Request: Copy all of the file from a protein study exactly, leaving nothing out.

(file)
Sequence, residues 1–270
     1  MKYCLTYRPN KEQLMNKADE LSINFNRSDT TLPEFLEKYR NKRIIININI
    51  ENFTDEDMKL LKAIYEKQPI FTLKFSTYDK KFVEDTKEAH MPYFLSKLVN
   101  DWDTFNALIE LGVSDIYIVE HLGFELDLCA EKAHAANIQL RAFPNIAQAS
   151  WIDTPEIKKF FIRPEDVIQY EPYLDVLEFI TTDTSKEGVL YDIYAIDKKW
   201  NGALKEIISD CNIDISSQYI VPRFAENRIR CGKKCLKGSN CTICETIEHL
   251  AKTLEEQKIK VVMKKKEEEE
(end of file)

Sequence, residues 1–270
     1  MKYCLTYRPN KEQLMNKADE LSINFNRSDT TLPEFLEKYR NKRIIININI
    51  ENFTDEDMKL LKAIYEKQPI FTLKFSTYDK KFVEDTKEAH MPYFLSKLVN
   101  DWDTFNALIE LGVSDIYIVE HLGFELDLCA EKAHAANIQL RAFPNIAQAS
   151  WIDTPEIKKF FIRPEDVIQY EPYLDVLEFI TTDTSKEGVL YDIYAIDKKW
   201  NGALKEIISD CNIDISSQYI VPRFAENRIR CGKKCLKGSN CTICETIEHL
   251  AKTLEEQKIK VVMKKKEEEE